-Total mentoring environment, where I will personally work with you hand in hand on all aspects of the profession, including: Writing the paper correctly; Going along with you on your listing appointments, new buyer appointments and showings.

*This package is designed stictly for either, new agents or agents who once licensed, have never gotten proper intruction on not only to the technical aspects of this business, but more importantly, how to deal with the different kind of people you’ll encounter in this profession.

Agents can start at any level that they feel they need and can switch to another to lower their overhead as their business begins to develop.

Compare these programs to what you’re paying now and I think you’ll find this is one of the most competitive in all of DFW!

If you’d like more information, or would like to discuss your particular situation, please contact me directly by phone at, 469-635-3234, or by email at:

I’m here to help you succeed!

Sandy Luedke
Ideal Real Estate Group

Is Home Rennovation For You?

November 7, 2008

Here’s a wonderful article that should be beneficial to anyone who’s a homeowner.

Replacing items is often more costly than fixing them

The word “renovation” implies that you’re replacing something old and worn out with something new and better. Yet too many so-called renovations simply involve replacing things that are old and substantial with ones that are cheap and flimsy but just happen to be new. That seems less like renovation and more like ruinovation.

If every modern building product were better than its counterpart of 50 years ago, meaningful renovation would be easy. But they’re not, and so it isn’t. While some things really have improved — modern heating systems, for example, are vastly superior to those of years past — the sad fact is that many building products are mere wisps of their former selves.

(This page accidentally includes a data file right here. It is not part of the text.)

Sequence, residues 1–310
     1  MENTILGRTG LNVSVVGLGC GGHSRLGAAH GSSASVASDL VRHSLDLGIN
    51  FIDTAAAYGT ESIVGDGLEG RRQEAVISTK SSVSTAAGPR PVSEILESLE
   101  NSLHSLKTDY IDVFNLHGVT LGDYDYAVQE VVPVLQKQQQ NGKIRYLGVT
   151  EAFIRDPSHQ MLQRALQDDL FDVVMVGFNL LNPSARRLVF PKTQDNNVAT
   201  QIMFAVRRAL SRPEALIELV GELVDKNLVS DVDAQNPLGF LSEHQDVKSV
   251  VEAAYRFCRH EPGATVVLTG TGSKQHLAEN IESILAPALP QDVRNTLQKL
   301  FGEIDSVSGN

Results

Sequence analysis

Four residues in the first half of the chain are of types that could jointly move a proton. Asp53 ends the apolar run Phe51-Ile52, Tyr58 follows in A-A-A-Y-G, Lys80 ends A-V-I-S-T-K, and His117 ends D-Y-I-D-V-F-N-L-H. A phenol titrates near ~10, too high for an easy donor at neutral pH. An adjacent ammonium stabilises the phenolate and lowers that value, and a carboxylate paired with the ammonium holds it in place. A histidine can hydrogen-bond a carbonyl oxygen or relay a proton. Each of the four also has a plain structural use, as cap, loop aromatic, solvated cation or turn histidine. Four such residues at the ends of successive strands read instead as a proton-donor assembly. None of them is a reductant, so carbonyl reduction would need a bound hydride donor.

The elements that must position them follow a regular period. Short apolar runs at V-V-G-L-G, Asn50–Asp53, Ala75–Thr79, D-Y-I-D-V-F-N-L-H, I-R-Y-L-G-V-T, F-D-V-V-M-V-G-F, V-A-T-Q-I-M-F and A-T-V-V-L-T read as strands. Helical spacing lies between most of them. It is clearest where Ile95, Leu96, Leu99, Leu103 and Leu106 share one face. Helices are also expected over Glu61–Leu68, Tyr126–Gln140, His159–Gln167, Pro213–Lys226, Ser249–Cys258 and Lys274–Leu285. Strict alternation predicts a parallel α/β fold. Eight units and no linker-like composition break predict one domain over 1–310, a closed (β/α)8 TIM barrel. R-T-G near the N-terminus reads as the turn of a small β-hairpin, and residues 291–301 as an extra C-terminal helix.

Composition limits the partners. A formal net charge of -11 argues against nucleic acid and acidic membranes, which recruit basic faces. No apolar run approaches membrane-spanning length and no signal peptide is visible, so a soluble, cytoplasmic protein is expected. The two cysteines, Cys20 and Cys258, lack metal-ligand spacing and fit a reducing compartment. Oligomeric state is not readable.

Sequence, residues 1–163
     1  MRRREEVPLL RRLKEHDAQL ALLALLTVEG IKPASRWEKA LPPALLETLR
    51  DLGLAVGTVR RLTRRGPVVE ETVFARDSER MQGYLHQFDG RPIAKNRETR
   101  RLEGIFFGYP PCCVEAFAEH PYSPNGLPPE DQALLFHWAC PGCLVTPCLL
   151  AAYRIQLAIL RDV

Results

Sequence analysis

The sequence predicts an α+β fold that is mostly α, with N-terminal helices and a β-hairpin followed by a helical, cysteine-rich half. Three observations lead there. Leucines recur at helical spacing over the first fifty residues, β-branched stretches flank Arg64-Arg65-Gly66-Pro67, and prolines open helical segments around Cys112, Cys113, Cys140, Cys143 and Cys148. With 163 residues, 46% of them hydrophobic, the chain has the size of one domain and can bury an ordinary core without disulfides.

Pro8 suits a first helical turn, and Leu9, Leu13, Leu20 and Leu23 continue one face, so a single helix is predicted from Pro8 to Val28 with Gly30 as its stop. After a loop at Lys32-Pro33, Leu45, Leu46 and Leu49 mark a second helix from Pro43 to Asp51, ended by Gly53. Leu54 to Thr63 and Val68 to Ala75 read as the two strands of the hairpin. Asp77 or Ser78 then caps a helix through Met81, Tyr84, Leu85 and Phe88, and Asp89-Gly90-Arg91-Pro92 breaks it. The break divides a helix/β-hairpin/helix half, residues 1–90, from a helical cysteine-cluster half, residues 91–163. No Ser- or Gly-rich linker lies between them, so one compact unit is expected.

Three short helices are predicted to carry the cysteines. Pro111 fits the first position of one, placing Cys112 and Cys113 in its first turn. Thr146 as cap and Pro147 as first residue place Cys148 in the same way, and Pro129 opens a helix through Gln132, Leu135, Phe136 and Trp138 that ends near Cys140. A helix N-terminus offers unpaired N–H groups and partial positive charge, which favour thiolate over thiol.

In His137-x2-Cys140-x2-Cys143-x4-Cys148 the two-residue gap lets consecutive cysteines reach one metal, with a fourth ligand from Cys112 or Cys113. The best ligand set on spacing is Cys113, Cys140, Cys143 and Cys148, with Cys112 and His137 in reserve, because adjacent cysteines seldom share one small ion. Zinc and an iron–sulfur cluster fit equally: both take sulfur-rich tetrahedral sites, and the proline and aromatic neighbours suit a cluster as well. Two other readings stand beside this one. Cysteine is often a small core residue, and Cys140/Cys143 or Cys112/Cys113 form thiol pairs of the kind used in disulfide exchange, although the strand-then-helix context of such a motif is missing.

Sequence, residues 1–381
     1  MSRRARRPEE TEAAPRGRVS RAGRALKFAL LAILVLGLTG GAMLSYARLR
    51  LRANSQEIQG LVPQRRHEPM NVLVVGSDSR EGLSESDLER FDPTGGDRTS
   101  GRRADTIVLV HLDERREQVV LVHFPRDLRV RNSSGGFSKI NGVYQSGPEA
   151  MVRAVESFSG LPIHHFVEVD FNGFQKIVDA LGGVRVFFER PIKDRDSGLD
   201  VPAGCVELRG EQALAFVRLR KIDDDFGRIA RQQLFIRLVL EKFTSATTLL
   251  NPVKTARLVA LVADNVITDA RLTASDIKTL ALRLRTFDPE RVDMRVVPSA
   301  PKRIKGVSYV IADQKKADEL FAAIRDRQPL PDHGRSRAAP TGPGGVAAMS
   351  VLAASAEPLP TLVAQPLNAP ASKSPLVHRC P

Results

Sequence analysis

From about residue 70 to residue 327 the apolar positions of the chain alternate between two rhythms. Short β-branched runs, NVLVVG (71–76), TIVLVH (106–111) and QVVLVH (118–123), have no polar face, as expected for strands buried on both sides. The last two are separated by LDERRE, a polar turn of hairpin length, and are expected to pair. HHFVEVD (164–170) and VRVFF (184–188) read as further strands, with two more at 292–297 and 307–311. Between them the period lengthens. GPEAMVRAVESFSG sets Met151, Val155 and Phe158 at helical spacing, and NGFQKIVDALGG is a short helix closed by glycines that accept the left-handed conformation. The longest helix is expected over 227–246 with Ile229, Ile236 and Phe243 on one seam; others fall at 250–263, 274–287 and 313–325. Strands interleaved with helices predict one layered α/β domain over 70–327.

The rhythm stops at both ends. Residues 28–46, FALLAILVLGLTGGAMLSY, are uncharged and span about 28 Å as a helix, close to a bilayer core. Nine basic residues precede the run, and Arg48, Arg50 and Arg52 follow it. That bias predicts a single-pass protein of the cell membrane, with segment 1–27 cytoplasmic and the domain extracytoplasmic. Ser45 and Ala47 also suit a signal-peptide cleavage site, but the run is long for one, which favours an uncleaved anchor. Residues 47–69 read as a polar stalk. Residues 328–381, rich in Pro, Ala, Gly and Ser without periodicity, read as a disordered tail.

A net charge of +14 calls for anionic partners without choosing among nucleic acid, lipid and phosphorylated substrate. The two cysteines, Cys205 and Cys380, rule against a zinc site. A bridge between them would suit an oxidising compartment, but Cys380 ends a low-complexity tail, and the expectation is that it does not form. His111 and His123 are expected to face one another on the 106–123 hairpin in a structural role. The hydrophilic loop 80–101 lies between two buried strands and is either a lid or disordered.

The euphemistic “economic pressures” we’ve all heard about — put plainly, “greed for fatter profit margins” — are the real culprit behind the declining quality of so many building items. The practice of outsourcing to cheap labor overseas means many name-brand products are now manufactured in places with indifferent or nonexistent quality control, regardless of what manufacturers claim to the contrary. The fact that many venerable American brands are now haphazardly manufactured in Third World countries may do wonders for corporate profits, but it won’t do wonders for your home. You’ll merely be replacing things that have lasted 25, 50 or even 100 years with new ones that’ll break in four or five.

Therefore, before you replace any item in your home in the interest of sweeping renovation, ask yourself two questions. First: Does it still serve its purpose well? If so, it shouldn’t be high on your renovation agenda — certainly not for reasons of fashion alone.

Second: If it no longer serves its purpose, can it be fixed? Here’s where many stalwart Americans seem to have lost their Yankee grit. We’ve slowly come to believe the fallacy that throwing things away and replacing them with new ones is easier and cheaper than fixing them. In the case of many items in a house, however, this is just plain bull.